Graduate workers call in sick for three days to support #universal1yr, coronavirus relief demands


Daily file photo by Catherine Buchaniec

Participating The Graduate School students collectively took sick days, refusing research, instruction, class attendance, work emails and other graduate responsibilities.

Yunkyo Kim, Assistant Campus Editor

Northwestern University Graduate Workers held a three-day sick-out from June 3 to 5, another step in an escalation regarding grad school demands since the group first launched its #universal1yr campaign in April.

NUGW functions as a union, though the University does not recognize it as such. Participating graduate students collectively took sick days, refusing research, instruction, class attendance, work emails and other graduate responsibilities to remind the administration that graduate students are fundamental to University operations.

In doing so, students continued advocating for some of NUGW’s key demands: a universal year of extended funding, guarantee of lab safety, sick leave, protections for international students, inclusive healthcare, childcare support and more.

The sick-out organizers also expressed solidarity with nationwide protests against police violence and racial injustice. Expressions of solidarity must be paired with palpable action such as divestment from law enforcement and redirecting of sources to “center diversity, equity and inclusion in its leadership, staff and funding” in The Graduate School community, their statement said.

“We understand that the material conditions of our academic lives, and the right to a collective voice in decisions that affect these conditions, are inherently issues of racial, gender, and decolonial justice,” the statement read. “We are dedicated to building a diverse and democratic union that centers the needs of historically excluded and underrepresented graduate students.”

Yannick Coenders, a sociology third-year graduate student, is a teaching assistant and preparing for a qualifying exam. He’s also been teaching his own course at another school in addition to his work at Northwestern.

As an international student, Coenders said he was shocked the University has not committed to his health, safety and fair wage while he essentially works for them, in addition to completing academic tasks.

“I want the administration to realize that we do work and we need to be treated as workers,” Coenders said. “Sitting out is one way to remind them of their reliance on us.”

The University’s emphasis on a case-by-case evaluation of student needs is also inherently harmful, he said, because the coronavirus pandemic has impacted every graduate worker. It also undermines graduate workers of marginalized identities, Coenders said, as the system sets up administrators at the top to decide who “deserves” COVID-19 support.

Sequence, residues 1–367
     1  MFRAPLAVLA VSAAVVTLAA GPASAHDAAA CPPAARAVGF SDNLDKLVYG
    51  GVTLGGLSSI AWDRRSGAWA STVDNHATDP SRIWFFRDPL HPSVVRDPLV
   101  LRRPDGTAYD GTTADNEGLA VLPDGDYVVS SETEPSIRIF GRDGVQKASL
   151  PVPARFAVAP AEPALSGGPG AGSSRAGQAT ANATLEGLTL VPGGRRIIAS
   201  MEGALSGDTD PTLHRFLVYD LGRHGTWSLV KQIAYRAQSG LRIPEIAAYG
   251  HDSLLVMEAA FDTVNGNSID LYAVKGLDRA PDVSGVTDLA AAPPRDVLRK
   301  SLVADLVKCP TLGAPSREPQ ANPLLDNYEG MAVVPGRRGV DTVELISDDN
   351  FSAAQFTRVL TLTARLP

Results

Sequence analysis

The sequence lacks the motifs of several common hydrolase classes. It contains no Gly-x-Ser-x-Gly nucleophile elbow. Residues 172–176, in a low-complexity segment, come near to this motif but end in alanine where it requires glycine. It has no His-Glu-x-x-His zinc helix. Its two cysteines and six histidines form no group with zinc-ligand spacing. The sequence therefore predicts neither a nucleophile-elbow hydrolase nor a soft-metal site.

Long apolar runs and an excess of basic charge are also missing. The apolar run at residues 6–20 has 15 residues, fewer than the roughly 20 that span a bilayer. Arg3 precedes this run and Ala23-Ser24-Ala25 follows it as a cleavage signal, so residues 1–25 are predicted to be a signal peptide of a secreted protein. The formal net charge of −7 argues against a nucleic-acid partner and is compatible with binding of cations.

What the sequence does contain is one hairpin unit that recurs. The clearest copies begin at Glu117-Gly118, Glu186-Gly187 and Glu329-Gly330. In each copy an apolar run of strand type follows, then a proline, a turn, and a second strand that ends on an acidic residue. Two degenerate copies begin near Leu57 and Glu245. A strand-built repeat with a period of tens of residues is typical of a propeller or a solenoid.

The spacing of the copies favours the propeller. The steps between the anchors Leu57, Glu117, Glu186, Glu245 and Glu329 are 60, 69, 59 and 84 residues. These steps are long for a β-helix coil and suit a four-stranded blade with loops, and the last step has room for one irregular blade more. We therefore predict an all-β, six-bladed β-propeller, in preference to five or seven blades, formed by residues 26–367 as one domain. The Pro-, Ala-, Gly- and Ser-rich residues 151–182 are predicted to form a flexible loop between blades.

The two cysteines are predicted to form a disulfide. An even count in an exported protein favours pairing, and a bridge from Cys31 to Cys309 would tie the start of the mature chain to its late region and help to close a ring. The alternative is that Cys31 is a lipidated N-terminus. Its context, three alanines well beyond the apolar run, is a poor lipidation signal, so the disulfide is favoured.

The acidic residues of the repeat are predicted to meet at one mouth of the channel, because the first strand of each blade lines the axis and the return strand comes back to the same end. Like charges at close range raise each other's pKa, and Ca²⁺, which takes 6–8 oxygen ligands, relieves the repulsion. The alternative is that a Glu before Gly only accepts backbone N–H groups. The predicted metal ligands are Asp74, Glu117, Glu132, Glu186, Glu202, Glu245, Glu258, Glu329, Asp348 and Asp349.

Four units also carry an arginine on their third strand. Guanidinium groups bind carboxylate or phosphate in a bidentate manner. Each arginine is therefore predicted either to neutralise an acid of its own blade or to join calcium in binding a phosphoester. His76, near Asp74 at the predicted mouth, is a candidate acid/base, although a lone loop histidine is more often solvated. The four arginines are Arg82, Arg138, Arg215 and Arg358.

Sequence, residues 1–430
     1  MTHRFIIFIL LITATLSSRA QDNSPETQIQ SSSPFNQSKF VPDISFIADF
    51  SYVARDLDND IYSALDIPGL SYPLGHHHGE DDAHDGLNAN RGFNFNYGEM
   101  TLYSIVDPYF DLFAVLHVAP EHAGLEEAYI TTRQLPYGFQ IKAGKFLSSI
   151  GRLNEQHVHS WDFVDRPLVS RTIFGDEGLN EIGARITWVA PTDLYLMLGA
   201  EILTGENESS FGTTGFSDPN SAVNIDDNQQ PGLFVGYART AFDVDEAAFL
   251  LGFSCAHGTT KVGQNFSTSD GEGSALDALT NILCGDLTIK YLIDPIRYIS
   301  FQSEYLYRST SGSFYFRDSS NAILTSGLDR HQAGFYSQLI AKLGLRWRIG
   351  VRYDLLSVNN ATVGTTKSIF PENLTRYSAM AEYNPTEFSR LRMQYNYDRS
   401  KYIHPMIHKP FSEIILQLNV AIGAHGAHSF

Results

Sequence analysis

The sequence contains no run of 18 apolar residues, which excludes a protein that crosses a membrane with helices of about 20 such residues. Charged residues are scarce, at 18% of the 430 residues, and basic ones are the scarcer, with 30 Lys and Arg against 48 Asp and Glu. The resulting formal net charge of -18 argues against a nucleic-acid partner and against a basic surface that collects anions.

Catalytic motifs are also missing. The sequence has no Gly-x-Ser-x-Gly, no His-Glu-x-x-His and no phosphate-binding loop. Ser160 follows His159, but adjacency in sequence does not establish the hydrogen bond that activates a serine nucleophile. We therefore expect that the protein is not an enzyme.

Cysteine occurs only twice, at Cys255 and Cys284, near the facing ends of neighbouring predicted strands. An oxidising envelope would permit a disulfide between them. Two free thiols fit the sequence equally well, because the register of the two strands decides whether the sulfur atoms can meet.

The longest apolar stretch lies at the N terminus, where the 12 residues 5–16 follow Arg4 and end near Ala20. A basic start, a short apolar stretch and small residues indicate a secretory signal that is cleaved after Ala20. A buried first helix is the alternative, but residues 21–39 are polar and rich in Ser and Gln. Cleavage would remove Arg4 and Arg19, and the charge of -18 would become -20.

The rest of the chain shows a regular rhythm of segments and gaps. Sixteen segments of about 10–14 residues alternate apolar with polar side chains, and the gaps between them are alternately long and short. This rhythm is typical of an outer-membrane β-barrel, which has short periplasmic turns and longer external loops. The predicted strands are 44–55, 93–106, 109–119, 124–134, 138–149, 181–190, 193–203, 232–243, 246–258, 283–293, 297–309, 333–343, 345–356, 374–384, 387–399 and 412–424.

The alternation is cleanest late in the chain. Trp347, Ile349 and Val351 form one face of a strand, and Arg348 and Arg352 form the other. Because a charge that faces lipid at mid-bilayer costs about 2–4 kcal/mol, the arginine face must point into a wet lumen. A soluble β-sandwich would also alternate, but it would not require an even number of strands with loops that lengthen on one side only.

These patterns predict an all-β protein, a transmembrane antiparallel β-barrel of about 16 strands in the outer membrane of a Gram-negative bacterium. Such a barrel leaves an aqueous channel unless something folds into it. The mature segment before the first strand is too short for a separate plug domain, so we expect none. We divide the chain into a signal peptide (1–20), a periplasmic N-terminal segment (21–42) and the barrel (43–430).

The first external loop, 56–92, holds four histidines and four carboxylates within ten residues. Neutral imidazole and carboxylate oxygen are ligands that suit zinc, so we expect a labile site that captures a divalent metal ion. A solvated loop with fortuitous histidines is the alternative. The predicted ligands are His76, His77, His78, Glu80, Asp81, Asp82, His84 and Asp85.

Doctoral student Heather McCambly said she would not have joined the sick-out if NUGW did not center black and Indigenous people and other communities of color, in drafting and promoting demands.

“There’s a very strong cultural reliance within the University on a “trust us” approach and case-by-case aid to students, and I know for some reason that has become something they feel good about,” McCambly said. “I think it’s so important to call out: we know how that (case-by-case) plays out long term, and it is not equitable and is in favor of white supremacy and white privilege.”

With summer approaching, McCambly said this is an opportune moment for advocating for graduate necessities.

Given the nationwide protests against police brutality and racial injustice, doctoral student Raina Bhagat also said it feels like an apt time to petition the University through escalated action.

“Due to the way institutional racism operates, it feels like the worst time in the world,” Bhagat said. “And yet, it is the best time to make our voices heard because there are so many things going on, and everyone’s energy and concentration … are stretched to the limit.”

For many participants, the sick-out is a result of long-ignored graduate needs exacerbated by times of civil unrest.

As a black graduate student, Coenders said he feels the campus police is not “there for (his) protection.” Divestment — one of NUGW’s demands — is a key part of ensuring students can complete their education in a safe environment, he added.

“All we ask for is work conditions that enable us to do our work well,” he said. “That is about sixth-year funding. That is about a three-day sick leave, that is about guaranteeing the safety of all those lab workers asked to return to campus. That is also about not living in fear for the police at your own work.“

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